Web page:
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No Terror in the Bang


Review by Gary Hill

I almost put this set under progressive rock. I'm not positive metal is the proper place for it, but the band is billed as a cinematic metal band. Since a good chunk of this fits under heavy metal to me, anyway, I opted to go with their description. This is a dark and moody set. They get really heavy at times, but also can turn jazzy and mellow at others. Musically, I'd say the closest comparison would probably be to Otep, but this has more mellow stuff than Otep does. The vocals on the disc most often remind me of Amy Winehouse. The band takes its name from an Alfred Hitchcock quote ("There is no terror in the bang, only in the anticipation of it."), and some of the music feels befitting his work. Whatever you call this, it's effective and interesting. It's also quite unique.

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Track by Track Review
Saule Pleureur
Keyboards bring this in with gentle tones and melodies. Vocals rise up amidst this musical concept. The cut rises up after a time, but only marginally. There is a cool dark, jazzy texture to the piece. As some symphonic aspects emerge in the arrangement, it really gets intense. This reminds me of something that might have been used in a Hitchcock music, which is appropriate given the origin of the band's name. There is a slight twisted aspect to this.
Another kind of violence
Coming in as a huge change, this a real powerhouse metal concept as it gets underway. Then it drops down to a mellower movement for the vocals. That part is in keeping with the opening song. This thing gets more of that metal aspect added to the mix as it continues. Yet there are some definite symphonic prog elements at play, too. This is a screamer that seems to run along the line between prog metal and metallic prog.
No more helpful peace I
Now, this is fierce and pretty much pure pounding metal. It's fairly extreme. There are some melodic parts of it, though.
No more helpful peace II
Piano brings this into being, and other symphonic elements come over the top to augment it. The piece is moody and mellow. It's also pretty. Eventually the vocals come in over the top of this balladic piece.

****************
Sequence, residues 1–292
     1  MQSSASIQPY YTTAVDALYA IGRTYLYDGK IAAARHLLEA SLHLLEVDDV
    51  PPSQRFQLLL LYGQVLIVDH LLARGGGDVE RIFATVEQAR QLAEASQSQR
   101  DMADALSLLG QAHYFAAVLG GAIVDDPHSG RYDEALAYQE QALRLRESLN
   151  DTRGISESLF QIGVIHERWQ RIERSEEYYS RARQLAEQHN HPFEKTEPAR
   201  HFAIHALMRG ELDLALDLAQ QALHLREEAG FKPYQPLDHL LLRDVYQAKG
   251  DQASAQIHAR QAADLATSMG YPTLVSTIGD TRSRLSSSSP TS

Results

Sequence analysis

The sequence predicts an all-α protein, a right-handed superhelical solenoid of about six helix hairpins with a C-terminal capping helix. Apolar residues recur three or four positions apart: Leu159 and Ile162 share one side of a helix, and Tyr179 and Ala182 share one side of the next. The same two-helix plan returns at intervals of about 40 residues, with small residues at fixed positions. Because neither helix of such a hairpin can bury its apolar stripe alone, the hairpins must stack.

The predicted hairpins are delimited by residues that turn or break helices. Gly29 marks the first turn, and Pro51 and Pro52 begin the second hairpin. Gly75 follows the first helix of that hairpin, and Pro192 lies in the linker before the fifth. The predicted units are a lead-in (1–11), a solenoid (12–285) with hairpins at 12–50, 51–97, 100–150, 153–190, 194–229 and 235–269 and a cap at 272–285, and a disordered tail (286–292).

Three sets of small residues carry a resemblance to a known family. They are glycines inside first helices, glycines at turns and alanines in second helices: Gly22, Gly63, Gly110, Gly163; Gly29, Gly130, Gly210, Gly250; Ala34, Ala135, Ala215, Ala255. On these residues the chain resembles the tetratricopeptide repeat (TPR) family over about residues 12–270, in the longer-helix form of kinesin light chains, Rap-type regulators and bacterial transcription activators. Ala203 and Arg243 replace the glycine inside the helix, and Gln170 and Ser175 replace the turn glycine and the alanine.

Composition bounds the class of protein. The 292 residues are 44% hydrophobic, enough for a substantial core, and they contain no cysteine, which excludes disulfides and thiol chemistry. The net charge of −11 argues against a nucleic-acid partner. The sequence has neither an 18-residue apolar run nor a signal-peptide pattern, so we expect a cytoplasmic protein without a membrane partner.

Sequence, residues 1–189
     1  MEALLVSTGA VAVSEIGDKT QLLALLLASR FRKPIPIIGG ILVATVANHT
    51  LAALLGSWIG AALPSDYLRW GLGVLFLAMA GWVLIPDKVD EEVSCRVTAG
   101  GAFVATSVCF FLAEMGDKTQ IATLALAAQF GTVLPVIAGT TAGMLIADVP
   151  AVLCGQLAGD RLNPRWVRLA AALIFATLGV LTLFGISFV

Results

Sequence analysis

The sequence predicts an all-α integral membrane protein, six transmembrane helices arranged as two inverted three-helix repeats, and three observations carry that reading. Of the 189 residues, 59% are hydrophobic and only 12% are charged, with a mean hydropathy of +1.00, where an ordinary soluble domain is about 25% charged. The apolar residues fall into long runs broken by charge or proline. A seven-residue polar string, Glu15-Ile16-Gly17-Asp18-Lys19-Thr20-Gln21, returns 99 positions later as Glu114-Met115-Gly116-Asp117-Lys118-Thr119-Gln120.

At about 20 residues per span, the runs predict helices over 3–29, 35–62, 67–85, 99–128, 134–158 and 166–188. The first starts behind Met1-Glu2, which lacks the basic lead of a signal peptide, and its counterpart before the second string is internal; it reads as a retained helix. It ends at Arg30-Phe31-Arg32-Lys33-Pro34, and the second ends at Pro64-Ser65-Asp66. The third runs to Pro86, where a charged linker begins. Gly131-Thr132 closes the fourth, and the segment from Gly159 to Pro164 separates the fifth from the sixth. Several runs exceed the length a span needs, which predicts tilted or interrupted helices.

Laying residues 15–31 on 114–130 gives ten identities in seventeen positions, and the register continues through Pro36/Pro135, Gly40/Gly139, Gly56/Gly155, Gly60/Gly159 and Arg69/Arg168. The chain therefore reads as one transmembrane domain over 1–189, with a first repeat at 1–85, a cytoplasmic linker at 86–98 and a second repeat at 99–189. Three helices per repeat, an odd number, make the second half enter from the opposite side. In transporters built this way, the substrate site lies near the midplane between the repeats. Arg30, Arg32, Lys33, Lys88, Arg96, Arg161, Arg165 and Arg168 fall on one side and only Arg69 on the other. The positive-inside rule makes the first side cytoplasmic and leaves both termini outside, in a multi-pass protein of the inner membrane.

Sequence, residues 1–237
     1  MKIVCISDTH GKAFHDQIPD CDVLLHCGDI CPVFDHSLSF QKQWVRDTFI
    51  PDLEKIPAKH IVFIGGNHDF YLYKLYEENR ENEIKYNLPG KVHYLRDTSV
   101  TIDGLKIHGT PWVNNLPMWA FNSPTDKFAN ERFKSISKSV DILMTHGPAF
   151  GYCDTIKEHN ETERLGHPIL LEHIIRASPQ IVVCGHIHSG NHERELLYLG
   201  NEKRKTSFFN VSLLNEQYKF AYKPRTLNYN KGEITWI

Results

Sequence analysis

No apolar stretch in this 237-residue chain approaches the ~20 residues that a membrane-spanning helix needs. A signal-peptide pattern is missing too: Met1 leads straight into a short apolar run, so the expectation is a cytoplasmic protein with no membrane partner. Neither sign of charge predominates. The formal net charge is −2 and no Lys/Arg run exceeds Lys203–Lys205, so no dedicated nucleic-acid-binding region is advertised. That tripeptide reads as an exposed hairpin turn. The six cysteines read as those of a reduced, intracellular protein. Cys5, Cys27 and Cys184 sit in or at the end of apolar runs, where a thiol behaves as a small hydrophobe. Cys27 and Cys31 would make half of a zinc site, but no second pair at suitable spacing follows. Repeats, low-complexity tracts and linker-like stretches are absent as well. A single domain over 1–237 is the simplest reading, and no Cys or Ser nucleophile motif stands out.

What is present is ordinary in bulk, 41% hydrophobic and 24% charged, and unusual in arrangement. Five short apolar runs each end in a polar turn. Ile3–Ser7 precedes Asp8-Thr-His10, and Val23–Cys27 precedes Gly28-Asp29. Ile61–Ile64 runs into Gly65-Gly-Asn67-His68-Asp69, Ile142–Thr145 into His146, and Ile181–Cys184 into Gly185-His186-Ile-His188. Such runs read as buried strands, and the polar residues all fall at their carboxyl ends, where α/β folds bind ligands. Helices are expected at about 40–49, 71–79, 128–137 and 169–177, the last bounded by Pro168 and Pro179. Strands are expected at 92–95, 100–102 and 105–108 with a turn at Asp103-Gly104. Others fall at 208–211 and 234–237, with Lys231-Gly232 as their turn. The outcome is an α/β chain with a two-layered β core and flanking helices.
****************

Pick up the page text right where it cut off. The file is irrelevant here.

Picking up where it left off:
Another with a moody edge, this has a more rocking aspect at its heart. There are symphonic elements provided by keyboards over the top a lot of the time. As it approaches the halfway mark, it shifts toward seriously hard rocking zones in an arrangement that has a lot of epic metal built into it. It eventually works to more of a metallic, angry zone. This gets a parental advisory.
21 grams
Pretty and dramatic music of the mellow variety makes up this short (just over a minute) instrumental.
Piano brings this into being. The vocals come in over the top after a time. The cut becomes a dark piece of proggy understated rock. It gets more edgy stuff at times, but never rises to the point of metal. It's a powerful piece of music.
There are some intriguing concepts and sections here. At points the cut turns toward percussive sounds. There is also a full metal movement that bursts out. Yet the moody mellower textures present on so much of the album are also behind the early parts of the track and some later ones. It makes for a track that's particularly dynamic and full of contrasts.
This comes in with more of that Hitchcock sort of texture. The number eventually drives out to some of the most purely metallic sounds of the disc, though. Still, it drops back for that mellower, freaky texture at points along the road, too. This has some pretty crazed moments.
Preacher of steel

Another that's more on the pure metal end of the spectrum, this is fierce and powerful. Yet there are still more restrained moments along the road.

Memory of a waif part I
Moody techno type sounds drive this cut. It's does work well as an introduction, first part for the next song.
Memory of a waif part II
This screamer is decidedly metallic and screaming hot. This is one of he most purely metal songs here.
Broken mind
There is a sedate movement at the start of this piece. That bit of moody melodic texture eventually works out to an arrangement that serves as the backdrop for a largely spoken vocal performance. That eventually gives way to a freaky kind of dark arrangement for vocals that turn more toward those of the rest of the album. This is dramatic, cinematic and so cool.
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